Following intensive consultation with students and some two years of planning and preparations, Harvard College will open the Cambridge Queen’s Head on April 19.
The new 176-seat pub in Loker Commons, intended to augment the College’s House-based social life with a comfortable common venue for meeting and socializing, will debut with some 15 special events in its first two months of operation.
“This is a project designed by students for the use of students,” says Benedict H. Gross, Leverett Professor of Mathematics and dean of Harvard College. “We want a strong sense of community and a vibrant social scene on campus, to balance the academic demands of student life.”
Originally the idea of William C. Kirby, former dean of the Faculty of Arts and Sciences and now Edith and Benjamin Geisinger Professor of History and director of the Fairbank Center for East Asian Research, the project has been spearheaded by Zac Corker ’04, who has worked as the College’s project manager.
Gross will open the Cambridge Queen’s Head with an April 19 ribbon-cutting, after which there will be an afternoon-long open house for the Harvard community. A grand opening event will be held for undergraduates and alumni the following evening, April 20.
The Queen’s Head moniker has a long history at Harvard. John Harvard, the University’s first benefactor, owned and operated a 17th century inn of the same name in the London neighborhood of Southwark. The establishment was bequeathed to the fledgling Harvard College upon John Harvard’s death in 1638.
To mark the connection between the old and new Queen’s Head, a delegation from Southwark will attend the opening of the Cambridge Queen’s Head, with the leader of Southwark Council, Nick Stanton, slated to purchase the first pint of beer for one British pound.
“The College administration is listening to students, and the message we hear is clear: ‘Social life is important to us, and we want the College to facilitate opportunities for on-campus social interactions with our peers,'” says Judith H. Kidd, associate dean of Harvard College for student life and activities. “The success of the Harvard Pub Night series over the last two years – drawing nearly 1,000 students per event – reinforced the strong desire for such an on-campus social space. We’re delighted that this wonderful amenity will be open in time for the 2007 seniors to share in the beginning of a new College tradition.”
Open late into the evening, after House dining facilities have closed, the Cambridge Queen’s Head will offer a full menu of affordable pub fare, chosen by undergraduates during a series of taste tests last year. The facility offers a built-in stage and sound system, providing a venue for campus musicians to perform before a large audience of their peers.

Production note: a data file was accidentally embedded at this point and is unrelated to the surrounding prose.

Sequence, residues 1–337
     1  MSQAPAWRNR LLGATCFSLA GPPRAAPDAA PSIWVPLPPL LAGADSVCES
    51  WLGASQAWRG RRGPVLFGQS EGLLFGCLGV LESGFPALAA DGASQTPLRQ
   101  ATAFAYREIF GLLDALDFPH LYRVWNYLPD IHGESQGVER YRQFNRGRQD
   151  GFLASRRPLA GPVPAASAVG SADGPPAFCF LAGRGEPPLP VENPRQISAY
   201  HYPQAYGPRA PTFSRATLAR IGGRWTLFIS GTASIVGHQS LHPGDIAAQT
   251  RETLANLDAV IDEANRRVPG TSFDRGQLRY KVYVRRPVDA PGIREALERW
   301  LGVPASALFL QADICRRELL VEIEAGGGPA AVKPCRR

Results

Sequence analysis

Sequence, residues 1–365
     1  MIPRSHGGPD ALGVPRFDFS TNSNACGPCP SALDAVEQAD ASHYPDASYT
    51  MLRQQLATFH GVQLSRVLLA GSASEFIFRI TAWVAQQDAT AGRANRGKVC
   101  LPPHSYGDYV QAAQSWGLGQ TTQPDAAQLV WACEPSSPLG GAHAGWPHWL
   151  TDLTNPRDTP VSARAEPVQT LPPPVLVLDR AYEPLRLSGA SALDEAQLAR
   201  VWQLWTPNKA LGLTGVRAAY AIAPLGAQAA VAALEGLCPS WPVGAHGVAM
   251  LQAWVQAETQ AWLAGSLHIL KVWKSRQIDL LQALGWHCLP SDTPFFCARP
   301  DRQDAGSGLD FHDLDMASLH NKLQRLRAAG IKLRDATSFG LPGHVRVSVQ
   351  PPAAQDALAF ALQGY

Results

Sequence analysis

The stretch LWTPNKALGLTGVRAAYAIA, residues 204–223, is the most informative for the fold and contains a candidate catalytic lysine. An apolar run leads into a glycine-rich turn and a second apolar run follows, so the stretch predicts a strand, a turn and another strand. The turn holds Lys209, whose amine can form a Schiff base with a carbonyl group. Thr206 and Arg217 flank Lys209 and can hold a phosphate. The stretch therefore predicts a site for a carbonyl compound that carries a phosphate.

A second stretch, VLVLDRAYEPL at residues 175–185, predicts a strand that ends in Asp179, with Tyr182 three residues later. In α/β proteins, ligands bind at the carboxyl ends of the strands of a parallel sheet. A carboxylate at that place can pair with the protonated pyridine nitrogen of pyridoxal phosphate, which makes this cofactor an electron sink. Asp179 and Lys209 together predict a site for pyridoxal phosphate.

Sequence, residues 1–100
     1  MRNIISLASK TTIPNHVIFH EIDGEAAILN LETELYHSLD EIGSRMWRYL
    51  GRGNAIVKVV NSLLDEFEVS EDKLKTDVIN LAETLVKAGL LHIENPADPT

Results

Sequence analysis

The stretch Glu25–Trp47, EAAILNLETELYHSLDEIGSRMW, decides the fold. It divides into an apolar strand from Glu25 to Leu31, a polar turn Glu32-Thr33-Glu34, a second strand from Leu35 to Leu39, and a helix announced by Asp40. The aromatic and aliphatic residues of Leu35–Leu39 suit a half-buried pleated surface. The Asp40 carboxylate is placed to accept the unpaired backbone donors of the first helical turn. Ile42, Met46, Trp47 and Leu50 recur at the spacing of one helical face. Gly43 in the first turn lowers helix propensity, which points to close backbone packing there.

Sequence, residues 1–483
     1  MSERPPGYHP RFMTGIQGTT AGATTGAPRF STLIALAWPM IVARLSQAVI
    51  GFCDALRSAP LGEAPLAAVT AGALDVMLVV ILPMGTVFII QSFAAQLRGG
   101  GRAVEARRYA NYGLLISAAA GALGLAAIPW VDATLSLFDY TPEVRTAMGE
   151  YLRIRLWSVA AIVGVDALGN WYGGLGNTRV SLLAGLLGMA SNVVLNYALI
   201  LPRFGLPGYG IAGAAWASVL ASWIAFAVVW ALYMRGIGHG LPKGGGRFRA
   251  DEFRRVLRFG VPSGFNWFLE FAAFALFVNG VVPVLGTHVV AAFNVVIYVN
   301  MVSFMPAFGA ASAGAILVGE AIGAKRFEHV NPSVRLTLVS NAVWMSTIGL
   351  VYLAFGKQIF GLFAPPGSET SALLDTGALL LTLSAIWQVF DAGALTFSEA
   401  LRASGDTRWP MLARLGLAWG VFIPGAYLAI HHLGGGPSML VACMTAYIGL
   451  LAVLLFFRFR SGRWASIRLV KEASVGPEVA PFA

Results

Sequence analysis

“The Queen’s Head will offer an open and inviting space to meet on campus, whether with an instructor or a group of friends,” Kidd says. “Our plans focus on programming and entertainment, as well as a full, reasonably priced food menu. We see beer and wine service for students of legal age as an accompaniment, not the centerpiece.”
The College, in collaboration with Harvard University Dining Services, has hired Scott C. Smider ’01 as manager of the Queen’s Head. Smider, whose degree from Harvard is in economics, served as Currier House Committee chair and was a member of Harvard’s varsity wrestling team. Since 2001 he has managed several large restaurants and entertainment venues in Baltimore and Washington.
As professional manager, Smider will be assisted in running the Queen’s Head by student managers and staffers from Harvard Student Agencies. These students will be responsible for everything from food preparation to the booking of acts and entertainment.
Undergraduates have had a significant role in shaping the Queen’s Head from its inception, including the pub’s performance capabilities, its menu via last year’s series of “Pub Grub Taste Tests,” and the look and feel of the design and décor.
“We couldn’t be more excited to have Scott on board,” Kidd says. “By putting this facility in his hands and those of our current students, we are continuing Zac Corker’s and my tradition of closely involving undergraduates in all aspects of the creation and ongoing planning for this wonderful space.”
The Queen’s Head opening marks the latest in a string of new spaces for Harvard students this academic year. The Harvard College Women’s Center debuted in September 2006, providing a meeting space and outreach center for all undergraduates. Meanwhile, newly renovated common rooms in Harvard Yard provided revitalized social spaces in freshman housing. The Lamont Library Café opened in October 2006, providing library-goers with convenient sustenance. Also in October, the College rededicated a former library as the Student Organization Center at Hilles, a hub for Harvard student organizations, which also contains the Penthouse Coffee Bar.
Designed by the Boston architectural firm Miller Dyer Spears, the Cambridge Queen’s Head is located in Loker Commons on the lower level of Memorial Hall, an august structure originally completed in 1876.